Growing up, I was such a perfectionist. I was a good kid with high expectations for myself. I remember studying & memorizing my notes verbatim. I would spend literally hours doing homework because everything had to be neat and perfect. I also remember the first time I failed an exam in junior high. I was feeling sick that day and didn’t get as good of a cram session in before school (I only studied the morning of). I was both embarrassed and humiliated as I uncontrollably wept and was on the verge of hyperventilation in the lady’s room. Needless to say, I had a problem!
Somewhere along the way as I got more lazy with my homework and still got high grades, I began to realize that I didn’t need to be so hard on myself. My first semester at college solidified that understanding. I worked my tail off reading and taking notes and still only pulled a B in my history class. Little things like that along the way made me realize that as long as I did my best and still got good enough grades to support my scholarships, that was all I cared about.
Looking back, I see how my perfectionism was largely pride. I think that is why it is so dangerous. In fifth grade, a few of us had received so many A+ exams, that we were able to take a pass on one of the exams. If I was any normal non-perfectionistic child, I would have and should have taken that pass with gratitude and enjoyed a study-free night before the exam. But in my perfectionism, I enjoyed the pat on the back and attention that I received from getting that A+. I kindly refused the pass. I said , “I enjoy earning the A+ because I studied hard for it,” which was true, but deep down it was because I thought it somehow made me better than the others.
Perfectionism also put so much pressure on me to have everything perfect–in my relationship with God, in my obedience to my parents, and in cleaning my room. I would clean my room for hours, and still can, because when I start to clean, I am a perfectionist about it (as long as I am doing it out of my will, otherwise I am stubborn). My defense growing up when my sister called me a “Perfect Angel” as if it was an insult was that Jesus said to, “Be perfect as your heavenly Father is perfect.” (Matthew 5:48) Yet, pride and false expectation is not what I think he meant.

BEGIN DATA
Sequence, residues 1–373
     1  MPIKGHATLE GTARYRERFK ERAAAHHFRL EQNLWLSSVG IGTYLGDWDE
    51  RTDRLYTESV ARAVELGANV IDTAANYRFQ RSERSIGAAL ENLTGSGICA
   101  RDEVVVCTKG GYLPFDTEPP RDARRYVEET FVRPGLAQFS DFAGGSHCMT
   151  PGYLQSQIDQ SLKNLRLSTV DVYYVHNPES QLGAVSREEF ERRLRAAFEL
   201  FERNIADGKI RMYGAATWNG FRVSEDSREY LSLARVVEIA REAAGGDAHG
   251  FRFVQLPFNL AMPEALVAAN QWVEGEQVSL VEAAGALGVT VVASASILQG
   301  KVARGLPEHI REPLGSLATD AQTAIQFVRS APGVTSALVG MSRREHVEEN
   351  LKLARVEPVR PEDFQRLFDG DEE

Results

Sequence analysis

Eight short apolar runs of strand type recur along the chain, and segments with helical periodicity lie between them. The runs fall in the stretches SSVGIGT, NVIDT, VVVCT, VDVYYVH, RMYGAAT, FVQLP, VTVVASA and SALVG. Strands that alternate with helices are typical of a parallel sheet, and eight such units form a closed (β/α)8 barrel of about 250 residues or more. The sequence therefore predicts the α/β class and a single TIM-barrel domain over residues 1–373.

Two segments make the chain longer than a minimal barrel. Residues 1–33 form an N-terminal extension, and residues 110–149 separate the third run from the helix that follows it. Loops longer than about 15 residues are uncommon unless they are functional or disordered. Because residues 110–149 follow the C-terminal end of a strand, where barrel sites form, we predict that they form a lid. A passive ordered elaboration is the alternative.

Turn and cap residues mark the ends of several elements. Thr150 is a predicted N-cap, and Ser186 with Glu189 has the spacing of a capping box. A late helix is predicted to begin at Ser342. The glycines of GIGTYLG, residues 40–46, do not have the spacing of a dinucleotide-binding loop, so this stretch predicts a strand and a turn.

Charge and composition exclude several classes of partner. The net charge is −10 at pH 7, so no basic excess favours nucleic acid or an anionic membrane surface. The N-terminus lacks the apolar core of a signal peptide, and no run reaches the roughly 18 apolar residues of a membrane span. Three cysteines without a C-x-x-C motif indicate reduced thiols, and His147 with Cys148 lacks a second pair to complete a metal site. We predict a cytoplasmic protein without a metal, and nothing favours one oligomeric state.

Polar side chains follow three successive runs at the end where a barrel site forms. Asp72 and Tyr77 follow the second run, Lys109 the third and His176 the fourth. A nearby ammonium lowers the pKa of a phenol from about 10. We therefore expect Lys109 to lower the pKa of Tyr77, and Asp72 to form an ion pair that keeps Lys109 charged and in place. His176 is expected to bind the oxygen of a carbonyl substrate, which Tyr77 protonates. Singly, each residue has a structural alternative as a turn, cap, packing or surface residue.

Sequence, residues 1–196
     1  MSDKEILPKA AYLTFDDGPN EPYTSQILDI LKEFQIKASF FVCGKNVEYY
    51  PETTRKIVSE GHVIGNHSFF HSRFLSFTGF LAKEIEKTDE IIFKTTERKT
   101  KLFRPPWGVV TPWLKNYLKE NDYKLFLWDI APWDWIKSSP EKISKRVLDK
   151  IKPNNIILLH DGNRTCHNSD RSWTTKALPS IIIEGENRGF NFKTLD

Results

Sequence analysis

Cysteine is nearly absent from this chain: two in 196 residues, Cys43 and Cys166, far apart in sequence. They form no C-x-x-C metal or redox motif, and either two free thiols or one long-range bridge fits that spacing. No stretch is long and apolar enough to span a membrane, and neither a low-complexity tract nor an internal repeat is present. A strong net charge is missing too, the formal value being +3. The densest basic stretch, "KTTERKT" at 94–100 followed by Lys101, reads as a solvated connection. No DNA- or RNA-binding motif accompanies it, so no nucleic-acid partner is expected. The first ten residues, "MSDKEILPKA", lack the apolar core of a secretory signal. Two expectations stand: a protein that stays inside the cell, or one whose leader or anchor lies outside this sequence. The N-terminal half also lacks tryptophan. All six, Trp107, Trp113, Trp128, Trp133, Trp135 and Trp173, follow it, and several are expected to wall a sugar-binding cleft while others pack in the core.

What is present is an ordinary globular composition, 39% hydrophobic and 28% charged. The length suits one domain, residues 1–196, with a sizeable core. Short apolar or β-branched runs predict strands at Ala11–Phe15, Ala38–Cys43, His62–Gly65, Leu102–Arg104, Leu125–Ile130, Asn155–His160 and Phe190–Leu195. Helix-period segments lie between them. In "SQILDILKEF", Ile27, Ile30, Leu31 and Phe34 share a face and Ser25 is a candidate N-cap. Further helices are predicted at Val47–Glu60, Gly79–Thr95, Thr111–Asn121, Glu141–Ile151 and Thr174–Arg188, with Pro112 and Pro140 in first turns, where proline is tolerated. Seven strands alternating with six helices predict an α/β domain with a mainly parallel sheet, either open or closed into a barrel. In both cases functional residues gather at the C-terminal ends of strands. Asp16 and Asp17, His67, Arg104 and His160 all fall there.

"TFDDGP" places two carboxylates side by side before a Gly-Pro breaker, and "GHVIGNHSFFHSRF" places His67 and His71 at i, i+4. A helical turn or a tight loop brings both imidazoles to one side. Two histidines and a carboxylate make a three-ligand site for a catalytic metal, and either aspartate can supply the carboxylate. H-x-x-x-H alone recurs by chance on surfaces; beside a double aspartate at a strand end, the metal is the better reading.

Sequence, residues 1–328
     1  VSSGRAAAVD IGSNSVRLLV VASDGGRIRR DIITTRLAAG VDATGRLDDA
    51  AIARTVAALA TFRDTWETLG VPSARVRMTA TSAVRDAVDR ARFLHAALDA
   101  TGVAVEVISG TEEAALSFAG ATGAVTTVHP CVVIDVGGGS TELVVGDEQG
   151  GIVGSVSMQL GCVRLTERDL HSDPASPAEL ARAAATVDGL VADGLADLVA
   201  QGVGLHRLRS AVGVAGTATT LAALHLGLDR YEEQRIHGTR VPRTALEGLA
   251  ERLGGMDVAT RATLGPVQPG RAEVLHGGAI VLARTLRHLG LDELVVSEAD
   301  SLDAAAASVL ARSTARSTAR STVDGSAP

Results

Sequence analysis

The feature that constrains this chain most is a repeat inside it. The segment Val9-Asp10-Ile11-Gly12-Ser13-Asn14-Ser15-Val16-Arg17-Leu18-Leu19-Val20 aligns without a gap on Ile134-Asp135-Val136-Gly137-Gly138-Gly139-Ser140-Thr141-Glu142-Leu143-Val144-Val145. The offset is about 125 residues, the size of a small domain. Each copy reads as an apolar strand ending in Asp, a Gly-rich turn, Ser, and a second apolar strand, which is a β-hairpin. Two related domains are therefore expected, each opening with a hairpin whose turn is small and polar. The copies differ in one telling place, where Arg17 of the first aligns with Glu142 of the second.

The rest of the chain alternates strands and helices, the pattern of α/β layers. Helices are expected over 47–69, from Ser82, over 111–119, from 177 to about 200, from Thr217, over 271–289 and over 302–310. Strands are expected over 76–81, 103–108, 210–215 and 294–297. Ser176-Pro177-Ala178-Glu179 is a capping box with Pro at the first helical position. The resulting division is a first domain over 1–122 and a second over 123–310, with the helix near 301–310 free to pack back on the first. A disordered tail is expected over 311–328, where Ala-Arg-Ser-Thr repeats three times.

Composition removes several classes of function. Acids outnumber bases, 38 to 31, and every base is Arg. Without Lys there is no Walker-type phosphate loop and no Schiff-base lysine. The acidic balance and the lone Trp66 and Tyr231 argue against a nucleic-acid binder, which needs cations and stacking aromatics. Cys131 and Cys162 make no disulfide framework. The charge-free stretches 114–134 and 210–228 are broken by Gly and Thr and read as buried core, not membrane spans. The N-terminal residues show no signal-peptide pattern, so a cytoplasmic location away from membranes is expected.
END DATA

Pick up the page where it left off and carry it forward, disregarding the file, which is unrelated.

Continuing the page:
Even today I see how perfectionism has affected my life. Except now my life is riding this perfectionism swing that sways from the far end of being the perfect “Martha & Mary” to barely keeping up with life and letting everything fall apart around me. It usually starts out like yesterday. I notice that I need to make changes, and I intend to make changes. I do really well at first. Then eventually, I burn out. I go too hard and expect so much, but, rather than getting back into the swing of doing things right, I let it slip away. It is like I just fall off the swing but the swing just keeps swaying back and forth until it comes to a complete stop above me usually as my world is in complete chaos. I came to that realization about myself today as I was talking about it with one of my superiors at work. I began noticing my MO.
So I suppose here is to once again striving to make myself better, not because of pride or because I have to be perfect (because that is an impossible feet on my own), but rather to striving to be the best God has called me to be, to taking care of myself and my home, and to finding the sense of accomplishment again, a good sense of pride. I believe that when God said to “Be perfect, as your heavenly Father is perfect,” He knew that it would be an impossible task for us to do without Him, especially since it is said in the same paragraph as “Love your enemies,” arguably the hardest commandment Jesus gave us to do. I think He knew the limits of our flesh and it is only by God’s grace that we can rise above our own ability and come close to obtaining that “perfection.” And when we miss the mark and mess up a bit, it is by that same grace that He still lovingly calls us His sons and daughters. So here is to being a recovering perfectionist in the arms of the Perfect Father.